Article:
Olufemi Omitaomu: Using big data to build better cities

Jan 22, 2018

At the Department of Energy’s Oak Ridge National Laboratory, Olufemi “Femi” Omitaomu is leveraging Big Data for urban resilience, helping growing cities support future infrastructure and resource needs.

A senior research scientist for ORNL’s Computational Sciences and Engineering Division since 2012, Omitaomu is interested in the relationship between people and infrastructure in urban areas.

“What we do, where we go and how we get there all have an impact on our cities and the resources upon which we rely,” he said. “It is important to understand how people interact with infrastructure in their community to identify risks and inform decisions that will ultimately help us build better, more efficient, more resilient cities.”

Omitaomu had no idea when he began his career that he would be modeling infrastructure interdependencies in an emerging urban science. He joined ORNL’s Geographic Information Science and Technology group in 2006 with a doctorate in industrial engineering and a passion for “squeezing data.”

“What I do is make sense of data,” he said. “Whatever the data or wherever they come from, I want to be able to squeeze them and make them talk to me.”

His data science and computing skill set has wide research and industry applications. For his doctoral work at the University of Tennessee, Omitaomu focused on manufacturing systems.

Omitaomu was initially recruited to ORNL to work in transportation security. Now he works jointly with the Urban Dynamics Institute and the Climate Change Science Institute to improve the reliability and efficiency of urban systems like water, energy, electricity and transportation.

An explosion of Big Data within the last decade—from new sensing technologies and the surge of data-collecting devices like smartphones that track everything from location to medical history—has given dataphiles like Omitaomu an incredible opportunity to assess infrastructure resilience and respond to the challenges associated with urbanization that include increased energy demand and climate variability.

“Urban systems are all connected and interdependent, which is part of their challenge and appeal for researchers,” explained Omitaomu. “When there is a disruption to one it impacts the other. Without electricity, there is nothing else. You cannot run any other system without power. Transportation is disrupted because traffic lights don’t work. Stores are closed because there are no lights. We cannot get fuel because gas pumps do not operate. These are computationally complex problems that invite novel data science and computing approaches.”

As the team lead for Critical Infrastructure Modeling and Climate Impacts at CCSI and the theme lead for Urban Resiliency at the UDI, Omitaomu helps develop analytical tools and resources that enable government, industry and city stakeholders to make informed decisions and devise strategies for urban resilience.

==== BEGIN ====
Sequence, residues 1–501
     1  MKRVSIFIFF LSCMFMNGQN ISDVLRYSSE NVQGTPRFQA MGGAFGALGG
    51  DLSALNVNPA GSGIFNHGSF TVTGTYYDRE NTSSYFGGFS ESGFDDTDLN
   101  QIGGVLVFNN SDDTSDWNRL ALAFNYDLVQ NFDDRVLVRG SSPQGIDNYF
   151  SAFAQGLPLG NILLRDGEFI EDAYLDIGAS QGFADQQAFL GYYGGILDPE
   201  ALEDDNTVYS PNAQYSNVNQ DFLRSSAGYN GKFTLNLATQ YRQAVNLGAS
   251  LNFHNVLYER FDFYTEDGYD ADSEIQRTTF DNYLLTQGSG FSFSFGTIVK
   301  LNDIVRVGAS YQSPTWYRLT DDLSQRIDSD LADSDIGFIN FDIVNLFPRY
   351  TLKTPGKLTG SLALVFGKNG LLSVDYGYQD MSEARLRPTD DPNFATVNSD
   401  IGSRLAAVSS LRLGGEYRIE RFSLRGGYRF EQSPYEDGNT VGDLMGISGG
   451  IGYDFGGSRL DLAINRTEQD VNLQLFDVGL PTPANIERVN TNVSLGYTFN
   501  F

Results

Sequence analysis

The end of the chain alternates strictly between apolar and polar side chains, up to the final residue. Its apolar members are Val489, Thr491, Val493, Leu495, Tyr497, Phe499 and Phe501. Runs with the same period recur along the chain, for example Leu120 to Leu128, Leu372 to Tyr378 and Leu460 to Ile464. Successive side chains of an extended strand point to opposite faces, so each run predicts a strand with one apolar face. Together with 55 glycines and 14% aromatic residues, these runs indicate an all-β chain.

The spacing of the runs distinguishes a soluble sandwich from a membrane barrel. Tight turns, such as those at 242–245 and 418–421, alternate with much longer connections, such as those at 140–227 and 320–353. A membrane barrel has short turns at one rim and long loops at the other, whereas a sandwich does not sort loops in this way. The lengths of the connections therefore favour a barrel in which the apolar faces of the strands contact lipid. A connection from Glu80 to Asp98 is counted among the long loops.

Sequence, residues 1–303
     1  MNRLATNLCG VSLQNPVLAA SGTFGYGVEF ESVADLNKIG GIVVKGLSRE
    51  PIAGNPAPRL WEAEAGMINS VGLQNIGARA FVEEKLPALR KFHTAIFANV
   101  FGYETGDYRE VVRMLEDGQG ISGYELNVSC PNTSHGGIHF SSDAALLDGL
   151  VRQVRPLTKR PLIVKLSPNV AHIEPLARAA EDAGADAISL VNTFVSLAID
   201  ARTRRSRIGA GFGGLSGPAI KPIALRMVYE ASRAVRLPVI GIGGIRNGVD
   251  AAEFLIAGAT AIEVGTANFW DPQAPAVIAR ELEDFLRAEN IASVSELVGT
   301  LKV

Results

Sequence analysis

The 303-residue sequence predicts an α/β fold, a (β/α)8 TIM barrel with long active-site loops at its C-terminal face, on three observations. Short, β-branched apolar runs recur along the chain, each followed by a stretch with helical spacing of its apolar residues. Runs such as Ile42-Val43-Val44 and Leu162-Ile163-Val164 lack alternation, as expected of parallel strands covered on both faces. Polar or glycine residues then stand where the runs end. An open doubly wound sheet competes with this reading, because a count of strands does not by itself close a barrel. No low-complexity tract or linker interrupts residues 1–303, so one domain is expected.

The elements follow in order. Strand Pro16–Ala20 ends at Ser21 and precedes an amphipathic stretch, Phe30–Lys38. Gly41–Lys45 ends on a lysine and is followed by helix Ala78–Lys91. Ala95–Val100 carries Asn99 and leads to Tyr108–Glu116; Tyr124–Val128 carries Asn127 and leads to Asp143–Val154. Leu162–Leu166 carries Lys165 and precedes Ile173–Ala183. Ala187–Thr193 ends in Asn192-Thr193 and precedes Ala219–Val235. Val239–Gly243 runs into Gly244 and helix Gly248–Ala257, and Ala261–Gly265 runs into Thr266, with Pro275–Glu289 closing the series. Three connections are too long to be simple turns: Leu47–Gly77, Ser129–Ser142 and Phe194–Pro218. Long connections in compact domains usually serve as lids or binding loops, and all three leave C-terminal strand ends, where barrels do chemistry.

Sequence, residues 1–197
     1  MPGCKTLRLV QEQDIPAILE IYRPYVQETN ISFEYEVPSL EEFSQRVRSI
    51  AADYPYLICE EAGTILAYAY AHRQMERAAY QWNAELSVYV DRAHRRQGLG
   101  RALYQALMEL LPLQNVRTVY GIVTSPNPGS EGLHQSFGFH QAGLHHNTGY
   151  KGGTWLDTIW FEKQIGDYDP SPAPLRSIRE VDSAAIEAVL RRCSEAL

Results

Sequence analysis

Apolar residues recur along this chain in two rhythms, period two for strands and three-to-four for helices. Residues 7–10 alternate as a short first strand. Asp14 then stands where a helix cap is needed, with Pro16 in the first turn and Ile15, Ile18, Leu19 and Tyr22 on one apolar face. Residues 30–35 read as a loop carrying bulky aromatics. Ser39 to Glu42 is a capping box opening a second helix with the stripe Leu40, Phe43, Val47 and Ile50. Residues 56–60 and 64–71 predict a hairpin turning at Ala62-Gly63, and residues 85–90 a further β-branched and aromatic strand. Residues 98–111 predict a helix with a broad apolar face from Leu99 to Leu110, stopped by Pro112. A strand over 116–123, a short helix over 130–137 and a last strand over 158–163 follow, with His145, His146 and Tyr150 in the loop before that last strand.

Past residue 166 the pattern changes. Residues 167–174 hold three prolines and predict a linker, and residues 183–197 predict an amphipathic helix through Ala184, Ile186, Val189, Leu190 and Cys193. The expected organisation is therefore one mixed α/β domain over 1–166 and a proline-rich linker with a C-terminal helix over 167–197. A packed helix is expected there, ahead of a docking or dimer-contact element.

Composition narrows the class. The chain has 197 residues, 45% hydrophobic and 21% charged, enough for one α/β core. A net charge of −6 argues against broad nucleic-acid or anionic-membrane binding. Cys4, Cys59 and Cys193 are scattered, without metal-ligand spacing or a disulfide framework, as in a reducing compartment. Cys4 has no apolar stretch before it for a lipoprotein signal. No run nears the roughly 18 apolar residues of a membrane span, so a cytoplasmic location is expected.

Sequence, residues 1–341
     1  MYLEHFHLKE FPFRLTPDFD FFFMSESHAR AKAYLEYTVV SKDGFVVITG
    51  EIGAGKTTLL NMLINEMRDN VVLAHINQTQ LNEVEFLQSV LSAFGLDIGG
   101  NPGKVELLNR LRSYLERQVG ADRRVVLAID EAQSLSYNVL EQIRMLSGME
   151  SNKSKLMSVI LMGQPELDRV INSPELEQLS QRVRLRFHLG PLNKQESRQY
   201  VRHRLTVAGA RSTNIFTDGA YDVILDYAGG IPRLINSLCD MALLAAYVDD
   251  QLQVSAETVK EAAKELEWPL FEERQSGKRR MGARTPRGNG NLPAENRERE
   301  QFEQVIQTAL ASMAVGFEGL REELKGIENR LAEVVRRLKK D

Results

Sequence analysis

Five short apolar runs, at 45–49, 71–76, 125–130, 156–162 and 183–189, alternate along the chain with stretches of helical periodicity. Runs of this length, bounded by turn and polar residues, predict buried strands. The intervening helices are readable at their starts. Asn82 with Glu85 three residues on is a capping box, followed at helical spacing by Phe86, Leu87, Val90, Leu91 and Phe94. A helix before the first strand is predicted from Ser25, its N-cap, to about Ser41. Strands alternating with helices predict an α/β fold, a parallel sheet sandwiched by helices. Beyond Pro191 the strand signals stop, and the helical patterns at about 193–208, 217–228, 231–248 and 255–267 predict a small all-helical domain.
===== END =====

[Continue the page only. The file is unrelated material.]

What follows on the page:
He has contributed to a number of projects that enhance situational awareness nationally, such as Urban-NET, a decision support tool that models interdependent critical infrastructure networks and identifies vulnerabilities, and EAGLE-I (Environment for Analysis of Geo-Located Energy Information), a real-time energy-sector monitoring and analysis tool. Omitaomu’s effort to “virtualize” the U.S. electric power grid through smart optimizations and sensing technologies was recognized by an ORNL Significant Event Award.

A core objective of the UDI and CCSI is to extend data resources in a relevant way to users at the city level. “We want to provide these resources not only to federal users but also put them in the hands of cities in order to inform urban planning decisions at the local level,” Omitaomu said.

Omitaomu collaborated with the city of Knoxville to develop Urban-CAT (Urban Climate Adaptation Tool), which aims to help mid-sized cities like Knoxville understand how temperature shifts, rainfall, flooding, population movement and other factors will affect urban populations. The interactive tool allows city users to test “what-if” scenarios and examine the most efficient and cost-effective strategies for adaptations like minimizing storm water flooding and incorporating trees and other green infrastructure into urban ecosystems.

He is currently working with Knoxville to develop a precision de-icing technology that will help cities manage roads during seasonal snow and ice. Winter road treatments come at a high cost to cities, and accumulated salts also take a toll on the environment. The intelligent approach will help cities allocate resources, minimize waste, and expand coverage to increase safety on critical roads.

The goal is to help cities become more resilient, Omitaomu said. “Mid-sized cities, like Knoxville, are facing unique challenges, but they are also still growing and have an opportunity to build sustainability into their systems as they develop.”

ORNL is managed by UT-Battelle for the DOE Office of Science. The single largest supporter of basic research in the physical sciences in the United States, the Office of Science is working to address some of the most pressing challenges of our time. For more information, please visit science.energy.gov.—by Ashley Huff